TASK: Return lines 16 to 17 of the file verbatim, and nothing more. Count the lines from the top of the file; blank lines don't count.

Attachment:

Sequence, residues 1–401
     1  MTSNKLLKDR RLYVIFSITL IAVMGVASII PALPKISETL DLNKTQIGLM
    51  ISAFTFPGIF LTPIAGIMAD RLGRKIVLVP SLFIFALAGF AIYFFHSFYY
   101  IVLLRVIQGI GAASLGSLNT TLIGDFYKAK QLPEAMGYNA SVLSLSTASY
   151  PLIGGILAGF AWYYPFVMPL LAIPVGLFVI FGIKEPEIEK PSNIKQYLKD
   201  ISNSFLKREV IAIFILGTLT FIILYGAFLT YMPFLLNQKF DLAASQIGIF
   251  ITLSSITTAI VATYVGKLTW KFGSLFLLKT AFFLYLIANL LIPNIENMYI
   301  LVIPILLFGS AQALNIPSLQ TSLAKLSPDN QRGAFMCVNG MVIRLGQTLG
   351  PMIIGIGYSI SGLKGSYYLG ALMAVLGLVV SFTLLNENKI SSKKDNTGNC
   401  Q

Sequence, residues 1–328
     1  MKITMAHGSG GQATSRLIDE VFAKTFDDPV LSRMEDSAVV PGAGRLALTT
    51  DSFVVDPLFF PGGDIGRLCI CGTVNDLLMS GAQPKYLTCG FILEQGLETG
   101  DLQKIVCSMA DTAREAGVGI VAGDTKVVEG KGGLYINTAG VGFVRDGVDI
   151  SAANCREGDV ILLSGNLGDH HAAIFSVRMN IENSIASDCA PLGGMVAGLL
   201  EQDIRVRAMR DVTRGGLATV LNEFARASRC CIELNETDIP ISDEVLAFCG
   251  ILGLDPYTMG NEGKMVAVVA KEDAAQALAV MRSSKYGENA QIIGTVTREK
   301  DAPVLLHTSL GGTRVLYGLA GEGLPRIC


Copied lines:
   201  EQDIRVRAMR DVTRGGLATV LNEFARASRC CIELNETDIP ISDEVLAFCG
   251  ILGLDPYTMG NEGKMVAVVA KEDAAQALAV MRSSKYGENA QIIGTVTREK